The iPad’s woes — An analysis beyond the fear, uncertainty, and doubt.

I’ve been reading a few very good articles about the supposed demise (and the phoenix rise) of the iPad and its adjacent ecosystem over the past few days — Thanks to Jean-Louis Gassée and his Monday Note blog for the inspiration to write my own thoughts on this — Which started as a comment to the first article here and burgeoned into what I present to you —

I’m going to break it down a bit, as both a fan of Apple’s products/services and someone who uses just about everything else and has to make them play nice (its the CTO job folks — When you’re responsible for the tech strategy for workplace in the enterprise, you dont hole up with one ecosystem).

The challenge for both the traditional iPad and the iPad Pro ambitions that Apple has is quite simple — And its the same problem that plagued its competitors until lately and is still a challenge in each of the Apple/Google/Microsoft stacks of hardware and software: Apps.

Most of you are asking yourselves: “How can he say that?”, well I dont mean volume of applications — I mean “fit for purpose” applications. Where are all of the adaptations of the BEST creative software programs? Where are the improvements to take advantage of the multi-tasking capabilities of iOS9, which is already pushing 2 years old? Where are all of the social media and collaboration apps (for both personal AND work lives — Since most of us possess both!) My 12.9 iPad Pro is still WAY underutilized because I can’t “split-screen” with the right apps to do my job AND live my life. Microsoft went “all in” on iPad support as part of their 2016 Office launch, but forgot Skype for Business and OneDrive integration points that were clearly needed at the OS level. I NEED to have SfB behave as well or better than iMessage/e-Mail. I NEED to ensure that EVERY app you make for Mac and Windows looks at iPad as the “third business platform” — That doesn’t mean I want watered-down versions, but if they must be, they need to support a majority of core functions while retaining touch, keyboard and Pen-friendliness. Office’s core apps (Word, Excel, PowerPoint) nail this. OneDrive, Skype for Business (a re-skin of the old Lync app), and their other apps do NOT. Even Authenticator, a valuable element of 2-factor auth for many Office365 shops is a real-estate nightmare on the 12.9–er…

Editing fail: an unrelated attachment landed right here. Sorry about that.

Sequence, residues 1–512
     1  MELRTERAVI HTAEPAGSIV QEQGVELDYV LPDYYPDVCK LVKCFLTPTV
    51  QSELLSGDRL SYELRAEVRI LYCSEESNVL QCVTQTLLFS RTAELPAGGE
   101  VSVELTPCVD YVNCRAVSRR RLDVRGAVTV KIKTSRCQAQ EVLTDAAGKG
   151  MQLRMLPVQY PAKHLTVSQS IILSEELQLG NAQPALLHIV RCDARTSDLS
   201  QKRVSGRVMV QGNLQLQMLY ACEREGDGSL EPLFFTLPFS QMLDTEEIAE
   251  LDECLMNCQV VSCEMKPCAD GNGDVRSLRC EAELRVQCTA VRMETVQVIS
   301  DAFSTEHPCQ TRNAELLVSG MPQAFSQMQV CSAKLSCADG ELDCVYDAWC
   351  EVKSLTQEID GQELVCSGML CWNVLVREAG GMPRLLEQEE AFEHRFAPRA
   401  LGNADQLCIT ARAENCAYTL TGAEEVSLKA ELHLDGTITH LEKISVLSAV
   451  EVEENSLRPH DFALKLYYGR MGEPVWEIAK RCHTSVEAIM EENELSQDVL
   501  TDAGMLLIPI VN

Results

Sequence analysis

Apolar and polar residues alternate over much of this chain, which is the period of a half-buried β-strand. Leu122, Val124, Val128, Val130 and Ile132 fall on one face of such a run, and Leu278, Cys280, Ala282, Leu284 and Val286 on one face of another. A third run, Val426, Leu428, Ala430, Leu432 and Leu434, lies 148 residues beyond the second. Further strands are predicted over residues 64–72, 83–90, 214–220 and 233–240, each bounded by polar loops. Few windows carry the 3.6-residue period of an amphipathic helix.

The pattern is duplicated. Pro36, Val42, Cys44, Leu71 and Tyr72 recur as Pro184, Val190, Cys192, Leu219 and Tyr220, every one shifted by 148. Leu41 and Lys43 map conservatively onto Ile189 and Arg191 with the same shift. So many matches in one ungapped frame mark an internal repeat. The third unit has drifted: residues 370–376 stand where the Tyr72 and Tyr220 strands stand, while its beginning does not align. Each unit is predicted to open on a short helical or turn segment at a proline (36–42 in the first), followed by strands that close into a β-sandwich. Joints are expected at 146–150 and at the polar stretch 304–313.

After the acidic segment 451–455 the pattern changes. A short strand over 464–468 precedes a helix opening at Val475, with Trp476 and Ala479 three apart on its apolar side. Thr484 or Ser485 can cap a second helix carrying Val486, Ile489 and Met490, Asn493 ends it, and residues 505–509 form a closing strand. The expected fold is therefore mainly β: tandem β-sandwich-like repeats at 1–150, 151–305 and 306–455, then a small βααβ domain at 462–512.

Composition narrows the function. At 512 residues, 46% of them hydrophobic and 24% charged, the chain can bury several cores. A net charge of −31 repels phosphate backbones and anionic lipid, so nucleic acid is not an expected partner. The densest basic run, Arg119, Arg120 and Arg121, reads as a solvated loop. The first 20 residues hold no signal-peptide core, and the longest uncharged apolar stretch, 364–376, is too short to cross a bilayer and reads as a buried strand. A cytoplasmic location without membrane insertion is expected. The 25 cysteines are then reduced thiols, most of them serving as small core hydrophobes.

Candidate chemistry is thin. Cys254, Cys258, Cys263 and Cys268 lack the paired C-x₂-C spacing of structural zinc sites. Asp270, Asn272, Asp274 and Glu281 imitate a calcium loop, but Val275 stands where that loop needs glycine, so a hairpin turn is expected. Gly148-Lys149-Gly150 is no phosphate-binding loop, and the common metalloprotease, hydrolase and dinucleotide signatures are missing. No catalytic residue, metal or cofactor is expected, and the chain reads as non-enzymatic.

But wait — This isn’t just Microsoft’s fault — Apple themselves have shortcomings when it comes to the 12.9 being a format/aspect shift, and even the 9.7 support of basic multi-tasking features. (EVERY Apple app and those they curate for “Editors Choice” should be capable of EVERY feature of the OS — Approval revoked from the store if not!) Facebook doesn’t even support the 12.9’s native resolution — NOR does it support split screen! Facebook! (Messenger does, but thats for kids — How many teens have iPad Pro 12.9's?)

Then there’s Adobe — They make some killer/cool apps for iPad and they support great features for CC subscribers. But I’m SO CONFUSED (even I, an Adobe user for over 25 years and a techie-by-trade) as to what app does what and links into what desktop app — OK the Photoshop ones I get — Why isn’t there just one app with those feartures called “Photoshop Mobile” or something. Fix/Mix/Sketch/Express — Its all very confusing… And Are they all current apps or are some there for legacy support? What does Spark Page vs. Spark Post, vs Spark Video do? Why are they not just an APPLICATION CALLED SPARK!!! Comp, Connect, etc. The same story — Comp should be called Indesign Express/Mobile. Spark might be its own product but where is it aligned on the desktop? — Anyway, enough about Adobe — This is fragmentation and is ignorance of your core brand strength. It literally needs a “for Dummies” book to figure out how to use and WHAT to use in the Adobe mobile space.

For your reference: A fellow struggler with deeper thoughts:

Dear Adobe, Your iPad Apps are a Mess.